* T.B. Schock, D.A. Stancyk, L. Thibodeaux, K.G. Burnett, L.E. Burnett, A.F.B. Boroujerdi and D.W. Bearden. Metabolomic analysis of Atlantic blue crab, Callinectes sapidus, hemolymph following oxidative stress. Metabolomics, Published online Jan. 20, 2010, DOI 10.1007/s11306-009-0194-y.

** 2,4-dinitrophenol (DNP)

National Institute of Standards and Technology (NIST)

Related Spectroscopy Articles from Brightsurf:

Perspectives of infrared spectroscopy in quantitative estimation of proteins
The present review describes the basic principle and the instrumentation of IR spectroscopy along with its advancements.

A new method to measure optical absorption in semiconductor crystals
Tohoku University researchers have revealed more details about omnidirectional photoluminescence (ODPL) spectroscopy - a method for probing semiconducting crystals with light to detect defects and impurities.

Properties of catalysts studied with gamma ray resonance
Steam-assisted oil extraction methods for heavy deposits have long been the focus of attention at Kazan Federal University.

Researchers demonstrate record speed with advanced spectroscopy technique
Researchers have developed an advanced spectrometer that can acquire data with exceptionally high speed.

Spectroscopy approach poised to improve treatment for serious heart arrhythmia
Researchers have demonstrated that a new mapping approach based on near infrared spectroscopy can distinguish between fat and muscle tissue in the heart.

Late blight research pairs spectroscopy with classic plant pathology diagnostics
Gold and colleagues at the University of Wisconsin-Madison recently published research showing how they used contact spectroscopy to non-destructively sense how plant pathogens differentially damage, impair, and alter plant traits during the course of infection.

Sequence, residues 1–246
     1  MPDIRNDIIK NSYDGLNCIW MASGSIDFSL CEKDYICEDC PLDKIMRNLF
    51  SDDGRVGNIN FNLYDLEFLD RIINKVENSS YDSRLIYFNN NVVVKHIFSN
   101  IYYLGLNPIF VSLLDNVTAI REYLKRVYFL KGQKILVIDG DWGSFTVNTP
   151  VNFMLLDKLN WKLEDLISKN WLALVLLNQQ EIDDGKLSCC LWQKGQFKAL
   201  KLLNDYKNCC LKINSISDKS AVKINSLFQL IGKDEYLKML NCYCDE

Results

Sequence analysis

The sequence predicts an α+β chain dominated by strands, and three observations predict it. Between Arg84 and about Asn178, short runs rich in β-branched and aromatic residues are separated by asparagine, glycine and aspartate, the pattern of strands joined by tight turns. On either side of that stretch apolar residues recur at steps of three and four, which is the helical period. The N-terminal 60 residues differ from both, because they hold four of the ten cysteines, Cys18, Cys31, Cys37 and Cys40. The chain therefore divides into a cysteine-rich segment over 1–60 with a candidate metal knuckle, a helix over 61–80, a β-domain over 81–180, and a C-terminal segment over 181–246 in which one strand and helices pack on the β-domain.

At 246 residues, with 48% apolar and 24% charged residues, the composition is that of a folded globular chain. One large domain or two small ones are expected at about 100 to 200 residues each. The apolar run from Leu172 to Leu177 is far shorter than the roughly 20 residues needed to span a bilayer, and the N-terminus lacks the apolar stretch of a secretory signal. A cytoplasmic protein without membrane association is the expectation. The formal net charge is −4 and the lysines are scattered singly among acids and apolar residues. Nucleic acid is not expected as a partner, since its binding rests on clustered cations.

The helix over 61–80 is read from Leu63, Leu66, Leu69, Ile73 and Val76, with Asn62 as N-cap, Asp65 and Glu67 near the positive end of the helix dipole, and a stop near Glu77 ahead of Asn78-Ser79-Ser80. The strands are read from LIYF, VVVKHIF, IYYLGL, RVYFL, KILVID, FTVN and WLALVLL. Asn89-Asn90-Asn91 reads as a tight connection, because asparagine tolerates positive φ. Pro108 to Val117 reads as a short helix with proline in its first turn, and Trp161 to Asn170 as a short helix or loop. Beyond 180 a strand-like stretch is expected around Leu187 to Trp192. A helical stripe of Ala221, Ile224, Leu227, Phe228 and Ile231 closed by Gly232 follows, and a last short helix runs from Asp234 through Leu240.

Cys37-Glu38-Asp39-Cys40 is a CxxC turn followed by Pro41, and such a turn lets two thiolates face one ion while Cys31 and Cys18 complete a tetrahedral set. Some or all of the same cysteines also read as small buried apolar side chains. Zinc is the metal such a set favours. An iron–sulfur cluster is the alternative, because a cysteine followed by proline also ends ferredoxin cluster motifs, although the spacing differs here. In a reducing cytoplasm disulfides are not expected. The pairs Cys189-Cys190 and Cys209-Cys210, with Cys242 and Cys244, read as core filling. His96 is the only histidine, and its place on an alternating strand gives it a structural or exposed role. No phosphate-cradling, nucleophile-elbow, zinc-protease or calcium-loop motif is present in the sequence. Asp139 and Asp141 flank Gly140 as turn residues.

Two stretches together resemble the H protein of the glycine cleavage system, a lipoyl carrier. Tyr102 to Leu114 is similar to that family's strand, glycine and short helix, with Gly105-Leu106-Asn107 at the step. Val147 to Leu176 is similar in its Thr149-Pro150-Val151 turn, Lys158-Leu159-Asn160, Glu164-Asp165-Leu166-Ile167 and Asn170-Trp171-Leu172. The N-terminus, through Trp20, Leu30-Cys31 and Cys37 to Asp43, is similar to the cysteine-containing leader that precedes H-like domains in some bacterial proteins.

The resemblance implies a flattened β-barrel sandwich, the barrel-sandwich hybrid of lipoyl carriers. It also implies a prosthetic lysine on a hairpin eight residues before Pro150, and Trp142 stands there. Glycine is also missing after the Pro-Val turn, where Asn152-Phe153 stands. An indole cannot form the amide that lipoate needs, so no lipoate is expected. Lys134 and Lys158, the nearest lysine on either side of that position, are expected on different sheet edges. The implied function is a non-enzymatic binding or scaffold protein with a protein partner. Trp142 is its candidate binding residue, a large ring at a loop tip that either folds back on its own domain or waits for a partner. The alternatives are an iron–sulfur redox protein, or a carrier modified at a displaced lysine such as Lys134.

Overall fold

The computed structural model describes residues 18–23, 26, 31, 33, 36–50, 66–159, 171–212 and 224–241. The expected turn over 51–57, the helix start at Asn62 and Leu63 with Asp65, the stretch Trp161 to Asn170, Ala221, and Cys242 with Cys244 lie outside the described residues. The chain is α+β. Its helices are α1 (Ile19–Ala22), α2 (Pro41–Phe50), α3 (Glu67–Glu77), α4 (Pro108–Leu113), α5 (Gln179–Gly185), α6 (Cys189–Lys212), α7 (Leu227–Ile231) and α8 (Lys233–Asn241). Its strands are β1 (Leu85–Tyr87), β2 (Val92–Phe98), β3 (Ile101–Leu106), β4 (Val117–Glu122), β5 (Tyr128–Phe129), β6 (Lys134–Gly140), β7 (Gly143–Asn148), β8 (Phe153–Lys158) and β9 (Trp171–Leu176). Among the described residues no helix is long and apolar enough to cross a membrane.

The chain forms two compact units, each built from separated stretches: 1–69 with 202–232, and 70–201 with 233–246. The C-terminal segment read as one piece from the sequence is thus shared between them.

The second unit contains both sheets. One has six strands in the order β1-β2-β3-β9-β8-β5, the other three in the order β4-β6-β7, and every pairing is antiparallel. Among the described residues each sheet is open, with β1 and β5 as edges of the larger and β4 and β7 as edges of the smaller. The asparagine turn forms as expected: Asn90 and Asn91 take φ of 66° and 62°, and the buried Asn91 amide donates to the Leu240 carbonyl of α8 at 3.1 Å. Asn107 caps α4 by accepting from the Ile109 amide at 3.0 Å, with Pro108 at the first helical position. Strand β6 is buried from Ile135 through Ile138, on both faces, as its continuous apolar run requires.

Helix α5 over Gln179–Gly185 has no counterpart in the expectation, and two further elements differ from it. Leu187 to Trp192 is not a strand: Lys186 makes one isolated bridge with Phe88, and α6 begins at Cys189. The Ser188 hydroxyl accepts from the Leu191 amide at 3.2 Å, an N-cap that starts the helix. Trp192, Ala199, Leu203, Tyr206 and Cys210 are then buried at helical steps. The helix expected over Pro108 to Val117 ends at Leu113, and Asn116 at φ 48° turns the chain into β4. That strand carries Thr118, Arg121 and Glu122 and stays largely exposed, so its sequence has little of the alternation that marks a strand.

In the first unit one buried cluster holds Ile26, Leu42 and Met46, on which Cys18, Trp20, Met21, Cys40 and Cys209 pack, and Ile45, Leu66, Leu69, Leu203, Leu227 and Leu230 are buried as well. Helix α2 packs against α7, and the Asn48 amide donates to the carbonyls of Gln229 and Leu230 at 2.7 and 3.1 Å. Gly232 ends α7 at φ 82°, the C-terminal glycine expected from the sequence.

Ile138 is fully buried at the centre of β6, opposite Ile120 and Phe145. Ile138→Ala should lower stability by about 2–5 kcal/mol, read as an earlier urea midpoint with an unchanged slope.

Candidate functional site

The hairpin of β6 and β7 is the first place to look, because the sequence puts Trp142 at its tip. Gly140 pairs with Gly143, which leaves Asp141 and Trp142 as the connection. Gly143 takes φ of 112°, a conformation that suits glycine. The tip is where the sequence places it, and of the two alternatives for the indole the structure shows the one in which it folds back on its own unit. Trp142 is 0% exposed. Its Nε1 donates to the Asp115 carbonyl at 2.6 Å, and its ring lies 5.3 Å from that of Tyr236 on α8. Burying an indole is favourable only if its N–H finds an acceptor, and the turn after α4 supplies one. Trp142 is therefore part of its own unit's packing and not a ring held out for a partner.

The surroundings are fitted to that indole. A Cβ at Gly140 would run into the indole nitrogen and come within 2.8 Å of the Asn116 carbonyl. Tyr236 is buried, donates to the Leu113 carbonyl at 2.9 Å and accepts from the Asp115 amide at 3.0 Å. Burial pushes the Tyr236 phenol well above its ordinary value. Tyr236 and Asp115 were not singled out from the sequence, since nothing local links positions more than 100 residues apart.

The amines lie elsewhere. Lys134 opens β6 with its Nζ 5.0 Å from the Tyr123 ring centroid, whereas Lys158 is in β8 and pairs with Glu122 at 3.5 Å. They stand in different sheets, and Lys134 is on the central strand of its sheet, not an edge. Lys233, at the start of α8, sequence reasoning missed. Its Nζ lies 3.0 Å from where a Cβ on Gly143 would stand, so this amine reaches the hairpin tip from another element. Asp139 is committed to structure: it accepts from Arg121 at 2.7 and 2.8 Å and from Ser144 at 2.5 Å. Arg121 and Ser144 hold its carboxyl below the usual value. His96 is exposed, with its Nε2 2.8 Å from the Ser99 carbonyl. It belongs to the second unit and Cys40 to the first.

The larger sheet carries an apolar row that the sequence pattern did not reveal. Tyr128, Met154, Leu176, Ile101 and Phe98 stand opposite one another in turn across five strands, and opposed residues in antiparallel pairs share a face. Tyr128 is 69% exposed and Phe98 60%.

Doing more with terahertz: Simplifying near-infrared spectroscopy systems
Researchers from Beihang University, China, and Tokushima University, Japan, have developed a terahertz spectroscopy scheme that offers outstanding resolution using a single laser.

A new horizon for vibrational circular dichroism spectroscopy
(1) The development of solid state and time-step VCD methods opened a new horizon to reveal the mechanism of chirality amplification from microscopic to supramolecular scales.

Unraveling the optical parameters: New method to optimize plasmon enhanced spectroscopy
Plasmon enhanced spectroscopies allow to reach single molecule sensitivity and a lateral resolution even down to sub-molecular resolution.

Nanoscale spectroscopy review showcases a bright future
A new review authored by international leaders in their field, and published in Nature, focuses on the luminescent nanoparticles at the heart of many advances and the opportunities and challenges for these technologies to reach their full potential.

Read More: Spectroscopy News and Spectroscopy Current Events
Brightsurf.com is a participant in the Amazon Services LLC Associates Program, an affiliate advertising program designed to provide a means for sites to earn advertising fees by advertising and linking to Amazon.com.